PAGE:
April 9, 2010 report
Discovery that quasars don't show time dilation mystifies astronomers
(PhysOrg.com) -- The phenomenon of time dilation is a strange yet experimentally confirmed effect of relativity theory. One of its implications is that events occurring in distant parts of the universe should appear to occur more slowly than events located closer to us. For example, when observing supernovae, scientists have found that distant explosions seem to fade more slowly than the quickly-fading nearby supernovae.
The effect can be explained because (1) the speed of light is a constant (independent of how fast a light source is moving toward or away from an observer) and (2) the universe is expanding at an accelerating rate, which causes light from distant objects to redshift (i.e. the wavelengths to become longer) in relation to how far away the objects are from observers on Earth. In other words, as space expands, the interval between light pulses also lengthens. Since expansion occurs throughout the universe, it seems that time dilation should be a property of the universe that holds true everywhere, regardless of the specific object or event being observed. However, a new study has found that this doesn’t seem to be the case - quasars, it seems, give off light pulses at the same rate no matter their distance from the Earth, without a hint of time dilation.
Astronomer Mike Hawkins from the Royal Observatory in Edinburgh came to this conclusion after looking at nearly 900 quasars over periods of up to 28 years. When comparing the light patterns of quasars located about 6 billion light years from us and those located 10 billion light years away, he was surprised to find that the light signatures of the two samples were exactly the same. If these quasars were like the previously observed supernovae, an observer would expect to see longer, “stretched” timescales for the distant, “stretched” high-redshift quasars. But even though the distant quasars were more strongly redshifted than the closer quasars, there was no difference in the time it took the light to reach Earth.
This quasar conundrum doesn’t seem to have an obvious explanation, although Hawkins has a few ideas. For some background, quasars are extreme objects in many ways: they are the most luminous and energetic objects known in the universe, and also one of the most distant (and thus, oldest) known objects. Officially called “quasi-stellar radio sources,” quasars are dense regions surrounding the central supermassive black holes in the centers of massive galaxies. They feed off an accretion disc that surrounds each black hole, which powers the quasars’ extreme luminosity and makes them visible to Earth.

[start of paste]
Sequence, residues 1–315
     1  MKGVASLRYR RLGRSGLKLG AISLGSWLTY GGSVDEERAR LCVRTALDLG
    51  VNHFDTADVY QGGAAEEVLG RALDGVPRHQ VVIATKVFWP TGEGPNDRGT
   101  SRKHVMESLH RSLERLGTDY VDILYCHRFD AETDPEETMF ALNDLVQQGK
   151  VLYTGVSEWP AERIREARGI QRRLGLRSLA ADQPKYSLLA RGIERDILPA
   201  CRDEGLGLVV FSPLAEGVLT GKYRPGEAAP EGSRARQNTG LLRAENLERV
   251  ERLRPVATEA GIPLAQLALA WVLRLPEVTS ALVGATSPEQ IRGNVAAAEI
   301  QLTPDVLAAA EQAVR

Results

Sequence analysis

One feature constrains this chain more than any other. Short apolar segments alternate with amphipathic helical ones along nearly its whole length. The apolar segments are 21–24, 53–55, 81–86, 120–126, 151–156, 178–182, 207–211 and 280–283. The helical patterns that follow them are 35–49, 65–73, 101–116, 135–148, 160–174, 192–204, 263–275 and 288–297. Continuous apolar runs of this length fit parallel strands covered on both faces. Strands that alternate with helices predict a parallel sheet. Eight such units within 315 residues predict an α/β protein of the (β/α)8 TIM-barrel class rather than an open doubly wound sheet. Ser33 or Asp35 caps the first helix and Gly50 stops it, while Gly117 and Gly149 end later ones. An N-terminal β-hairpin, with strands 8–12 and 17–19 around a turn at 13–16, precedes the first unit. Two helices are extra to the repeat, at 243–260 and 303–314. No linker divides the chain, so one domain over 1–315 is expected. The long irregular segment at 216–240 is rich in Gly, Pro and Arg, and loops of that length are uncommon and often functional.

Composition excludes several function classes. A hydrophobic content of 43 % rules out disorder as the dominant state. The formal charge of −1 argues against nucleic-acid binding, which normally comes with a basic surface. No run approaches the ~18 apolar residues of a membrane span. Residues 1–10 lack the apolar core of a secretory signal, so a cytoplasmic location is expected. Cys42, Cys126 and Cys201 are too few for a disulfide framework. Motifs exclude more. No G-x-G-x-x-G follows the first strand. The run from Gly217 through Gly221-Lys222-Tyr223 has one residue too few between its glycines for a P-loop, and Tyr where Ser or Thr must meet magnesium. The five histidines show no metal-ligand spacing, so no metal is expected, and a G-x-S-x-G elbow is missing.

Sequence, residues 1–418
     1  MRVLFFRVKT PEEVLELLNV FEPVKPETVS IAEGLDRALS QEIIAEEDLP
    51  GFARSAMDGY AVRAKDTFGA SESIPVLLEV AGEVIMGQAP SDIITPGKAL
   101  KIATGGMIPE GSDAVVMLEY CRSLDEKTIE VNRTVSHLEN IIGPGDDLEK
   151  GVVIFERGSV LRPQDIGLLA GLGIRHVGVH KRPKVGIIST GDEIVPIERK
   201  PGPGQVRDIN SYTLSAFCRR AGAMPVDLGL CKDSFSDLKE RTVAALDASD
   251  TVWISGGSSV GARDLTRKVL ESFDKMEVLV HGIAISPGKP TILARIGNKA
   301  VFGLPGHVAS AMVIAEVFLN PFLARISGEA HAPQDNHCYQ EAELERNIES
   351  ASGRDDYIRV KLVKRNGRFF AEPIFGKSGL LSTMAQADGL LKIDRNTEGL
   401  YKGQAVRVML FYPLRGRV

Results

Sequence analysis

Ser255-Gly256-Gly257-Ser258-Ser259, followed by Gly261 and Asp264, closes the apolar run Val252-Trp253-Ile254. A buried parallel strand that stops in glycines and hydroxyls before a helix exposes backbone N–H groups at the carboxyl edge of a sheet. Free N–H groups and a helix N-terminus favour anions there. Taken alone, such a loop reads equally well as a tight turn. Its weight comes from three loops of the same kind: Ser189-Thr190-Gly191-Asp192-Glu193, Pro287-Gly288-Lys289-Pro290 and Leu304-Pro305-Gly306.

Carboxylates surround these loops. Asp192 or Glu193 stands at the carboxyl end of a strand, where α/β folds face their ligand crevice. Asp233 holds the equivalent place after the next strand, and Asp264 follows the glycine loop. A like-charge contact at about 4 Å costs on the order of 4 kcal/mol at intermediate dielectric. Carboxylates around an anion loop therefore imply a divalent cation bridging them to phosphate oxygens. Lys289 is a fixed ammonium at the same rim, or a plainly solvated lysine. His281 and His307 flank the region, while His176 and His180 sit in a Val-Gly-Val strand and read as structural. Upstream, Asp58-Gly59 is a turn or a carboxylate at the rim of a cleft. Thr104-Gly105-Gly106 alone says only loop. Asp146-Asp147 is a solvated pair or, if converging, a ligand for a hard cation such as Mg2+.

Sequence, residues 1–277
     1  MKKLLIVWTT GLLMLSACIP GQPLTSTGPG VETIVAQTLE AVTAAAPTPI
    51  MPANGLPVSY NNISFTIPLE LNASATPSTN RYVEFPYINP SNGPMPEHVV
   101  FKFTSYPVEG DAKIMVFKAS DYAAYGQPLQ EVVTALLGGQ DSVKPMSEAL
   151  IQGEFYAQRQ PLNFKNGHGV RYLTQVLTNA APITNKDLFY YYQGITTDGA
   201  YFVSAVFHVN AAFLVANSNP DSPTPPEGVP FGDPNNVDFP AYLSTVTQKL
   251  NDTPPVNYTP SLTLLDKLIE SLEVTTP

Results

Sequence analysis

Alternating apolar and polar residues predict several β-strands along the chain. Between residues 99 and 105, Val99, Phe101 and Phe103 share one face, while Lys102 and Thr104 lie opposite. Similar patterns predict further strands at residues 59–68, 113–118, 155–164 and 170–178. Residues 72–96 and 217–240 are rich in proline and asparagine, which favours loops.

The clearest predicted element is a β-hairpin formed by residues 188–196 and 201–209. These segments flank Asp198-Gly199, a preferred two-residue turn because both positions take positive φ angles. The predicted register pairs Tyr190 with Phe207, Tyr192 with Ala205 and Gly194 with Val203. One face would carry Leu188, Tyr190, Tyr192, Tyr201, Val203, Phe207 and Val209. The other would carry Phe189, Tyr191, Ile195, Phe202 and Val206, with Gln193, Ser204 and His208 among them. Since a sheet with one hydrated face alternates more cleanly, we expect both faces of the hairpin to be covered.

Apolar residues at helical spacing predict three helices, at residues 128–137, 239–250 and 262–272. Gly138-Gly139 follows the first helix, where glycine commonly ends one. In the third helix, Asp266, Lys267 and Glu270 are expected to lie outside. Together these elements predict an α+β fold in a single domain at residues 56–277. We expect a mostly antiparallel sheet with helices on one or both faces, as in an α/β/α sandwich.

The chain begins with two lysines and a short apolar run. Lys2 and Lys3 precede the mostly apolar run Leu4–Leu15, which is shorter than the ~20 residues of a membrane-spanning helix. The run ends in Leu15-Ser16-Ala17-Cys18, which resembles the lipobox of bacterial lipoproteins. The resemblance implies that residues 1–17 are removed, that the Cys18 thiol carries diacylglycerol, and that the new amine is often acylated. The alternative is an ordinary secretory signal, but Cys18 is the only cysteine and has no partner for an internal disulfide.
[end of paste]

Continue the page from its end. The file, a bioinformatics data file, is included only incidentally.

One of Hawkins’ possible explanations for quasars’ lack of time dilation is that light from the quasars is being bent by black holes scattered throughout the universe. These black holes, which may have formed shortly after the big bang, would have a gravitational distortion that affects the time dilation of distant quasars. However, this idea of “gravitational microlensing” is a controversial suggestion, as it requires that there be enough black holes to account for all of the universe’s dark matter. As Hawkins explains, most physicists predict that dark matter consists of undiscovered subatomic particles rather than primordial black holes.
There’s also a possibility that the explanation could be even more far-reaching, such as that the universe is not expanding and that the big bang theory is wrong. Or, quasars may not be located at the distances indicated by their redshifts, although this suggestion has previously been discredited. Although these explanations are controversial, Hawkins plans to continue investigating the quasar mystery, and maybe solve a few other problems along the way.
Hawkins’ paper will be published in an upcoming issue of the Monthly Notices of the Royal Astronomical Society.
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